On line/homeschool

Tracy - posted on 10/18/2009 ( 3 moms have responded )

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I read Dusty Williams post and the responses. I live in Ohio and began ECOT ( a public on line school) with my 15 year old son Andrew this year. He is on an IEP through this school. Andrew was diagnosed with PDD-NOS when he was 3. At that time we began an ABA program, CF/GF diet, we did secretin injections along with many other programs. He continued his ABA program until the 2nd grade but we kept our consultant and therapist to continue to work on problem areas and for tutoring. He was involved in many sports and cub scouts. He thrived, academically he was at grade level with no modifications, socially he had many friends was invited to birthday parties and social events. by the end of fourth grade he had quit everything but basketball. coaches would not give him play time and he got teased if he messed up. My husband coached his basketball team and he excelled at this sport. By the end of the six grade his friends stopped hanging out with him and no longer talked to him at school. we tried everything we could to help him make new friends but he did not meet with success. In seventh grade when he went to the Junior high the teasing got so bad that he end up on Home bound instruction through the school district. we worked really hard with the school district and and CITE services (a community organization under MRDD) and our therapist to develop an IEP that would help him be successful socially. We started the 8th grade year confident that it was going to be a good year. It was a disaster, The school district did not follow through with their end of the IEP and Andrew had a complete set back. He again ended up on home bound instruction. This year when we began ECOT he is a lot happier, we have no meltdowns and I like the flexibility. The down side is he is still socially disconnected. I see a real need for these guys to socially connect, but it seems to be a real feat at this age. It is not an age where you can call moms for play days. They have to do it for themselves. The problem with Andrew is that he has tried so hard and met with disappointment that he doesn't want to try anymore. I tried to talk him into going to a support group but he says that he doesn't want to go, and that he would not be able to tell others how he feels. He is becoming more socially anxious all the time and only wants to stay in his room and play video games. I am working on getting him signed up for rec basketball and trying to get him interested in something new. If anyone has any specific ideas please post.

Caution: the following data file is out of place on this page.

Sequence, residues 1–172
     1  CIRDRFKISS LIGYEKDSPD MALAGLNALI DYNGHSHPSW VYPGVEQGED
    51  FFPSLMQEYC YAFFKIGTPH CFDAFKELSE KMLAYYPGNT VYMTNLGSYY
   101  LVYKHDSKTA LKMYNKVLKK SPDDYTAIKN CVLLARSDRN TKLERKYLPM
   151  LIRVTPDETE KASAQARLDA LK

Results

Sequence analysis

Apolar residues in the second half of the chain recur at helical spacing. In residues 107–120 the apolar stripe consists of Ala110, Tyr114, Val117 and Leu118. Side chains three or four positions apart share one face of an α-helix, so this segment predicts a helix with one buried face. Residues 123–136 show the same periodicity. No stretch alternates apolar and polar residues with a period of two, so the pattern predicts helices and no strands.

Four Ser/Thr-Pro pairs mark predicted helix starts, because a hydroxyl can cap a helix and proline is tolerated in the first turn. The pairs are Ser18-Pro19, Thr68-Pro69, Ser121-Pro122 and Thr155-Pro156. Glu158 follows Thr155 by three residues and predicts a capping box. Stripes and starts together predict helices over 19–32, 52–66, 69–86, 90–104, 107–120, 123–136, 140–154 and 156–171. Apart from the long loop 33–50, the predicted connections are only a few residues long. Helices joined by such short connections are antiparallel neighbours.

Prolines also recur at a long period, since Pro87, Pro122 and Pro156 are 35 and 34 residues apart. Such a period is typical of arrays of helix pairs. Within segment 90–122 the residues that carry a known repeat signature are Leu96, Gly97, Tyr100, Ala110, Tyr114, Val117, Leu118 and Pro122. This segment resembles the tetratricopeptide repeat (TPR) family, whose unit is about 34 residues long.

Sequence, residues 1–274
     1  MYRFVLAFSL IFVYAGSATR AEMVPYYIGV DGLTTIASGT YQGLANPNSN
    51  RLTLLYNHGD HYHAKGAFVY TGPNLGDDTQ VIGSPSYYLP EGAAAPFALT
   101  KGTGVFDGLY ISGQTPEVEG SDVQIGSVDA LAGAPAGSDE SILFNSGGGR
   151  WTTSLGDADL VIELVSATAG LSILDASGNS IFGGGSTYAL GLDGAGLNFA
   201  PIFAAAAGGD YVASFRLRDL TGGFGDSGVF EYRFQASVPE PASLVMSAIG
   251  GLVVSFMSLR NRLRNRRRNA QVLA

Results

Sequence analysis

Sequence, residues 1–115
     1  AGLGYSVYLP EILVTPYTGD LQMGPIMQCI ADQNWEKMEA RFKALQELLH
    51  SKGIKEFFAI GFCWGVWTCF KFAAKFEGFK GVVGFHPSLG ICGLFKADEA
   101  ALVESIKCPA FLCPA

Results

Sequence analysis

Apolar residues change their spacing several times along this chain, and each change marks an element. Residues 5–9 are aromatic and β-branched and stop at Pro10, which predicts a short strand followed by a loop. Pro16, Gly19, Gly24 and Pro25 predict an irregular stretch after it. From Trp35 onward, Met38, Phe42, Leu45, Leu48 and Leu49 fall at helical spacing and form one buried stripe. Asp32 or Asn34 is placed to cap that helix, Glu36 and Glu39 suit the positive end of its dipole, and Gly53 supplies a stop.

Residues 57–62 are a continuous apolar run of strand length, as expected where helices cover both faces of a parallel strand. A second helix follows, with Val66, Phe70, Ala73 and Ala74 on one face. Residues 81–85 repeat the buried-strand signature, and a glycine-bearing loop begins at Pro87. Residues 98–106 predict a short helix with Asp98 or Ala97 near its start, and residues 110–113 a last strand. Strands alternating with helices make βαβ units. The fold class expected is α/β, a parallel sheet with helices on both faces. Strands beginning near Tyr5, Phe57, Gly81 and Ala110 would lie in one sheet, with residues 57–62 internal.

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Nancy - posted on 10/19/2009

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We have a lot in common, you and I! I ended up homeschooling Anthony for 2 years due to school district idiocy. When he was ready for middle school, and socially receovered to want to meet new friends, I began my search. I found an Oak Tree classroom, it is in the next town, but it is designed specifically for high-functioning/aspberger's kids. I am in NYS, and he has friends, not meltdowns or teasing anymore. Someone told me video games and autism don't mix, because the person with autism experiences the game differently, and they end up getting addicted to them. Well, sure enough, I finally bought Anthony a gamecube for Xmas last year, when he was 12, and that has become his obsession. These kids do have a great need for social interaction, how else will they learn how to get along socially? But is really hard unless they have friends who are developmentally similar. This is another reason I love the Oak Tree program. If they have it in your state, I would look into it...Hope this helps.

Sheila - posted on 10/18/2009

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Hi Tracy,



Many years ago, in another life time, I worked for the Canadian National Institute for the Blind. I had many roles, but one of them was to foster social get-togethers amongst blind and visually impaired teenagers within our community. It is challenging for kids on the spectrum and visually impaired kids to make those leaps...like alot of the kids on the spectrum, blind and visually impaired children are dependent on others to get them out and about (and who wants mom driving them on their dates??)



So, I organized a Dinner Club. Sounds simple enough, and it was. About once or twice a month, we met at a restaurant that was "friendly" to our needs. The kids would be dropped off, or I would pick some up, but there we were. If there was a need to discuss an issue, I was there to help problem solve, but my primary role was to get these kids out! And not mcdonalds...someplace that serves appetizers, soda, main course and dessert...NO RUSHING THROUGH IT!



Long story short: if there is an autism support group, get a Dinner Club going. It is much less "horrifying" than a support group (which really, that's what it is) Look for similar hobbies (example: likes videogames, find a gaming store that might help organizing a "games" day...we have a hobby store here that does role playing/online get-togethers...HUGE success)



Check out other home-schoolers for "gym classes" at the local community centre with a pool, or ice time....does he like swimming? Lots of kids on the spectrum crave pressure, and the feeling of being in water, they get it 360 degrees.



He doesn't have to connect with "neurotypical" kids to have a social network. He is not alone, but he feels it. Teenage boys, of any type, rarely want to talk about their feelings, so I get that!



I hope you are in an area where non-conventional support is possible.



And, get him volunteering if he is able. Playing cards with seniors, food banks, hospitals...two feet and a heart beat and a willingness to help!

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